15 Takeaways From My First Carnegie Conference

Carnegie Higher Ed Feb 04, 2015 Carnegie Higher Ed Persona The Visionary Frontrunner

Carnegie Conference 2015 is in the books, and by all accounts it was our best yet. Being new to Carnegie, I was very interested to see what the conference would be like, having heard from my new colleagues that it is unique in the higher ed space. It truly is.

With only 150 or so attendees, the Carnegie Conference is an intimate experience—there are no separate tracks or concurrent sessions. Attendees registered because they were interested in the specific lineup of speakers, which was fantastic, and at the end of the day discussions at dinners and socials were enriched by the fact that we’d all had the same or very similar experiences throughout the day.

It was different than any conference I’d been to. Not different like “better” but different like “valuable” (okay, maybe better). It felt more like a seminar or workshop, with a relaxed pace and ample opportunity to engage with presenters and fellow attendees, leading to tangible takeaways you could apply on campus.

Here are 15 things from my notebook:

  1. Seems like a no-brainer, but good content is really, really important. Even in this online attention-span-starved world, words still matter. They set the tone for your institution.
  2. I love this equation from Ann Handley (@annhandley): useful x empathy x inspired = great content. Note that it’s multiplication—if any of them equal zero, the content suffers immensely. Tell great stories across your platforms, and constantly strive to create useful content. Ask yourself: what would my audience thank me for?
  3. Data, data, data. All the speakers harped on data. Know your data and use it to inform your work, from where you direct your resources to what content you produce. Without data, it’s just an opinion.
  4. Oli Gardner (@oligardner) is hilarious and really smart. His session on landing page conversion was outstanding. Most landing pages are terrible (98%, according to his presentation), so if you can create strong landing pages and a clean path to conversion, you can really set yourself apart. An acronym to remember: NSAMCWADLP. Never start a marketing campaign without a dedicated landing page!
  5. If you’re not paying attention to attention ratio, you should be. As attention ratio goes down, conversion goes up. More on that from our very own George LaRochelle.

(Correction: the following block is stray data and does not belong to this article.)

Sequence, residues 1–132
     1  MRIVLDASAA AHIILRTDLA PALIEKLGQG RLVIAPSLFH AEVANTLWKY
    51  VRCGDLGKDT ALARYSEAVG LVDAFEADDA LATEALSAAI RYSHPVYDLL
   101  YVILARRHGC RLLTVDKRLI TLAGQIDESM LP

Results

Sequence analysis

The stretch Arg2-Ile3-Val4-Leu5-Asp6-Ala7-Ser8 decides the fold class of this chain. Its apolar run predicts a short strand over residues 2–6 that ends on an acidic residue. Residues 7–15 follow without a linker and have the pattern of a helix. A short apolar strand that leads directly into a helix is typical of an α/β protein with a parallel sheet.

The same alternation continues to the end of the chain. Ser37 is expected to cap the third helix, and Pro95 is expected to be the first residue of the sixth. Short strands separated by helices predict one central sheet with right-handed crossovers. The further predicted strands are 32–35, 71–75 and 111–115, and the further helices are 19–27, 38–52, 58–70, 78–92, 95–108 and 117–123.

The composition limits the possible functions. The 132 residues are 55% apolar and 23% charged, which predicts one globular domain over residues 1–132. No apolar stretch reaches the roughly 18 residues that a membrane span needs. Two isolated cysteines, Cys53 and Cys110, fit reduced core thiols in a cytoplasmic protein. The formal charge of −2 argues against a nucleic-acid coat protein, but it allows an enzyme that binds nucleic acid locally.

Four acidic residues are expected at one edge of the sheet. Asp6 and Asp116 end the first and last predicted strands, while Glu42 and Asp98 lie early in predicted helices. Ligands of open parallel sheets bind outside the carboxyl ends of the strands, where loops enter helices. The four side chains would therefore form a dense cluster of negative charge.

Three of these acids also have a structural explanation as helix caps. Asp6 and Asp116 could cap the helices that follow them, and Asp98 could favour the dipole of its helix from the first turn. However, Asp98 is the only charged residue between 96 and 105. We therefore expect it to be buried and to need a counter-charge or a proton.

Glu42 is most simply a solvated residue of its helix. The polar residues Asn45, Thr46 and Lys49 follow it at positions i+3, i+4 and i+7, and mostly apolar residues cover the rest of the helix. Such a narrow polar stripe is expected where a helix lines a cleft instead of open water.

6. “Submit” is the worst possible conversion word you can use. Find a better call to action.
  7. The Wistia Learning Center series is great for offices on campus with limited video resources.
  8. Chocolate chip bread pudding is amazing!
  9. Branding = Reputation. To differentiate your brand, you have to get out of “fact land” and appeal to emotions. Choosing a college is an emotional experience.
  10. Scott Ochander (@TWinnovator), the VP of Enrollment and Marketing at Manchester University, has a truly unique approach to branding that personifies the institution. His “Brand Cave” model is intriguing, and he’s had tremendous success with it at Valparaiso and now Manchester. He’s got a company you can learn more about too.
  11. Joann McKenna, VP for Enrollment Management at Bentley University, has a 42-inch screen in her office with real-time data comparing the current class to five-year historical trends, sliced and diced any way she wants it. Having just left an admission office, I know how crucial it is to have access to that information and, sadly, how rare a setup like that is. Bravo, Joann!
  12. I love this line from Google’s Justin Cutroni (@justincutroni): data is an enabler. It allows you to take risks and measure results real time.
  13. Google Analytics can be overwhelming. Here’s a great resource to learn how to put them to use.
  14. Obviously mobile is taking over and has been for a while, but having a mobile-friendly site is very important for improving SEO. Google doesn’t like you if your site’s not responsive, and you really, really want Google to like you.
  15. Another great question to ask yourself: would I be proud to show this work to a friend? If not, try to do better.

For more conference bits and chatter from attendees, search #CarnegieConf on Twitter.

We hope to see you at Carnegie Conference 2016!

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